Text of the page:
With this post, I will begin the educational posts I mentioned before, these posts will be called “Bits about bees.” We’ll start with the basics, the information has been gathered from the various bee books I have. DISCLAIMER: for the beekeepers who have read LOTS and LOTS of information, this may not be for you. I am keeping this purposely simple but educational. As we all know, bees are incredibly fascinating and complex. I have attempted to distill what the general population might like to know and would likely find most intriguing and interesting.
There are lots of bees in this world, and quite a few make honey. Honey bees are the only ones that make surplus honey, others such as bumble bees make just enough to feed their young.
The honey bee species is Apis mellifera, with several subspecies including lingustica (Italian), this is the most commonly kept bee in the US because it is gentle. Mind you, this is completely relative. All worker honeybees sting but the level of provocation can vary.
There are 3 castes of bees: the queen, the worker and the drone. The queen and workers are female and the workers can number from 60,000 to 80,000 (I’ve seen 60K to 100K reported) at the height of the summer. The drones are the males and they number in the several hundreds during peak season.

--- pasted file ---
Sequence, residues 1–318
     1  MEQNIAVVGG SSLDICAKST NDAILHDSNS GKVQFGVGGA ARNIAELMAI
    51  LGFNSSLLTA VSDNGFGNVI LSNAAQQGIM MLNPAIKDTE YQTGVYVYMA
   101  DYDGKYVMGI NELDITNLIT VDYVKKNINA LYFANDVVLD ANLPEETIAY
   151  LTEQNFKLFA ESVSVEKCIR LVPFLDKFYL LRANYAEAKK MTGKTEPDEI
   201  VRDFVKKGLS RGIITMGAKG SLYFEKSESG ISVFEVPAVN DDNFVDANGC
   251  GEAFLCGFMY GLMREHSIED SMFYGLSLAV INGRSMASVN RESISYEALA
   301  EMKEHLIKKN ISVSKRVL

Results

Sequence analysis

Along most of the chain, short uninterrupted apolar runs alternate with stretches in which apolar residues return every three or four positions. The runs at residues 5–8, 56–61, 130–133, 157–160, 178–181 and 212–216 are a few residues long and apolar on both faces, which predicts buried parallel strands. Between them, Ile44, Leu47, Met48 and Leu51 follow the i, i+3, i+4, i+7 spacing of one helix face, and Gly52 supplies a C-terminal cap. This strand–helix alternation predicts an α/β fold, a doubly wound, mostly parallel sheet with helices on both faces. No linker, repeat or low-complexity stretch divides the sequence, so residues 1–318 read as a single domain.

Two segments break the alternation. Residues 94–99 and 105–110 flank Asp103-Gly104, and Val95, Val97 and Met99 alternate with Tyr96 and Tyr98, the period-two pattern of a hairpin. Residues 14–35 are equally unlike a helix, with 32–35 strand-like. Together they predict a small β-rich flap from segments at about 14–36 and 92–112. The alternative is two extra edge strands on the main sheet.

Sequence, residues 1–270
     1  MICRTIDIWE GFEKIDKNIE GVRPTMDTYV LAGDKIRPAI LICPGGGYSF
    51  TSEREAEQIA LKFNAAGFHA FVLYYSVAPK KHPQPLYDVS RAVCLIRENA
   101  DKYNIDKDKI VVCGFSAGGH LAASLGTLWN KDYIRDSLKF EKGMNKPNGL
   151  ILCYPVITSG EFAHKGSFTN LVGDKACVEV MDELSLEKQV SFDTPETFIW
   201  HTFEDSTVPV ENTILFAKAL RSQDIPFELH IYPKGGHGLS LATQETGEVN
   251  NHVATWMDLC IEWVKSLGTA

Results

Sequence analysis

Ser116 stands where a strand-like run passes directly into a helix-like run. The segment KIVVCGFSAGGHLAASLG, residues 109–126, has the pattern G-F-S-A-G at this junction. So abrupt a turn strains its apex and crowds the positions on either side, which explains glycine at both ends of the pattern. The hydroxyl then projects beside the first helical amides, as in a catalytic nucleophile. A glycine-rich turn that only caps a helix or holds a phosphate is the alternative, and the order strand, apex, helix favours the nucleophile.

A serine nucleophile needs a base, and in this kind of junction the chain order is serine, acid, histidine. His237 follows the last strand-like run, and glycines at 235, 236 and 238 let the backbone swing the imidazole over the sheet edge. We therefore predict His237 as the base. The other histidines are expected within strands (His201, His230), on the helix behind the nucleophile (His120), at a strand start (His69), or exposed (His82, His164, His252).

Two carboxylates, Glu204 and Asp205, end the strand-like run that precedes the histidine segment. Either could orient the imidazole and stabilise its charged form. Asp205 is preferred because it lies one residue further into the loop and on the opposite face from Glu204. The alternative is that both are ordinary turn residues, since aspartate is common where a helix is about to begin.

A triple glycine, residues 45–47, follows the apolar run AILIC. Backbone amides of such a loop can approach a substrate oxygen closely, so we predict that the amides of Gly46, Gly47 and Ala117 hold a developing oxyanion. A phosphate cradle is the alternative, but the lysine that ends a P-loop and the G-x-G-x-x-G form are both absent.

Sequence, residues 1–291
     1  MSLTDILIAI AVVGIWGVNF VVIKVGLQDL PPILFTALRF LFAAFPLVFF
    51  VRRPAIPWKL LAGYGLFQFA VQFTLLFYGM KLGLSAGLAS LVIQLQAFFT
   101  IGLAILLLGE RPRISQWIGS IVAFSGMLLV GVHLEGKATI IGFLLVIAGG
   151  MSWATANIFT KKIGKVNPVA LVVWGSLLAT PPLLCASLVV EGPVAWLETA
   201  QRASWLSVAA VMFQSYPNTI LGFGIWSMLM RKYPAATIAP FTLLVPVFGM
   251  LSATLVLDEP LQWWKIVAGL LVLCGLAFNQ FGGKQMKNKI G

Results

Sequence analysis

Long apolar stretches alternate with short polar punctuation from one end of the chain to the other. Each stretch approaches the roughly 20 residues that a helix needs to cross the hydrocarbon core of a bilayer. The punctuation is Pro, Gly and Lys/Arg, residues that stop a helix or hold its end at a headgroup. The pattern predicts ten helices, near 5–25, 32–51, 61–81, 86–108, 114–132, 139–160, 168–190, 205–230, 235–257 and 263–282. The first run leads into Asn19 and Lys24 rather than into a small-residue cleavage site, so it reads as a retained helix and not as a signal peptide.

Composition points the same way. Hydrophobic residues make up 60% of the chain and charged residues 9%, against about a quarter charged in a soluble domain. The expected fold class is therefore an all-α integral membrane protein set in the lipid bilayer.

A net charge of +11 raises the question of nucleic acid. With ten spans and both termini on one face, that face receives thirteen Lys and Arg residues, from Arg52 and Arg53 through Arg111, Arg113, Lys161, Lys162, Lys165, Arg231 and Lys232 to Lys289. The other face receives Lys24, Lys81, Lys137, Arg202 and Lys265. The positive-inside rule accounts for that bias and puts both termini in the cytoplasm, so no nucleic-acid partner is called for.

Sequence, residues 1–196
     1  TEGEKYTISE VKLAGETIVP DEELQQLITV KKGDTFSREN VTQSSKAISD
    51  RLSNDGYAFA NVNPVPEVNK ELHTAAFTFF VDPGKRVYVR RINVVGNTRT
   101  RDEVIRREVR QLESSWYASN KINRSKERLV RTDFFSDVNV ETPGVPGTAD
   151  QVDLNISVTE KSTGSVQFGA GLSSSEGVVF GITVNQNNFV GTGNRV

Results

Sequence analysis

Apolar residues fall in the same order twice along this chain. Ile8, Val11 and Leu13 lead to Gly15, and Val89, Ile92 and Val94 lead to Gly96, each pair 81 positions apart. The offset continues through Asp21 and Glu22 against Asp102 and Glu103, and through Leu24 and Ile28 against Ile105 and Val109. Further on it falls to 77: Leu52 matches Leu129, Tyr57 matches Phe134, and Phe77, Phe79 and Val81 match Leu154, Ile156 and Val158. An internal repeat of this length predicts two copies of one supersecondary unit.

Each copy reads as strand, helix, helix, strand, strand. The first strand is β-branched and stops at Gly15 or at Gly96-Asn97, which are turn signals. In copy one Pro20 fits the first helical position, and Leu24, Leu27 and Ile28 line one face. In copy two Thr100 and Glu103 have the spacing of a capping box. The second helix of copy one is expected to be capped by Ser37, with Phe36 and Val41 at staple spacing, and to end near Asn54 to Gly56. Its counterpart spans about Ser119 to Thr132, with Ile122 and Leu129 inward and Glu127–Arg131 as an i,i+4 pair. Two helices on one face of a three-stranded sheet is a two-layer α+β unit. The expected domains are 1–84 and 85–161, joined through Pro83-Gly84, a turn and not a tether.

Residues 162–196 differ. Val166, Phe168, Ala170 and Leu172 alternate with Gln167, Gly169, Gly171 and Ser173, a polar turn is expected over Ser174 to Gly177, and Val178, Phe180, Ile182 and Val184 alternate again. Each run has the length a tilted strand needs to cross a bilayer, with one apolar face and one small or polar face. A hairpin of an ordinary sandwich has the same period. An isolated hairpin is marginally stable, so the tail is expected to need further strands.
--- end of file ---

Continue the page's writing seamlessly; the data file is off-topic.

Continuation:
The difference between the 3 castes is purpose and function: the queen lays the eggs, the workers take care of the queen, the larvae, they build the comb, defend the hive, make the honey and forage for pollen and nectar. The drones mate. Don’t think the queen has it made either. She can lay up to 2000-3000 eggs a day (this number also varies in the books) and that is her purpose. But if she is not up to snuff, if they don’t like her for any reason…she’s OUT. They will raise a new queen in her place, using one of her eggs. Isn’t that nice?
Workers and queens are made from fertilized eggs, the drones come from eggs that are unfertilized. The factors that affect what an egg develops into is fertilization, cell size and the food it receives as larva. This will be expanded upon at another time.
All larvae is cared for by the nurse bees which are young honey bees. Nurse bees make the food that is fed to the brood (called brood food) via glands in their head. Brood food is a milky liquid and it is secreted by the workers and placed in the cell with the larva. Queens are fed a specific brood food called royal jelly, this makes the queen. Nurse bees will adjust the composition of the brood food based on the larva they are visiting and the age of that larva, isn’t that clever?
If you look through my previous posts, you’ll see lovely pictures of larvae and even eggs. Once the larva has reached a certain age, say 9 days for a worker, it will be capped with wax by the adult workers. At which point the larva will begin to spin a cocoon and will then pupate into an adult bee which will emerge approximately 12 days later at 21 days after the egg was laid. Just so you know, new bees are fuzzy 🙂 I’ll try to get a picture next time.
When I show pictures of “brood” it is usually of open brood and capped brood. Open brood consists of the eggs and larvae that are visible, capped brood is larvae that has been capped by wax to allow pupation.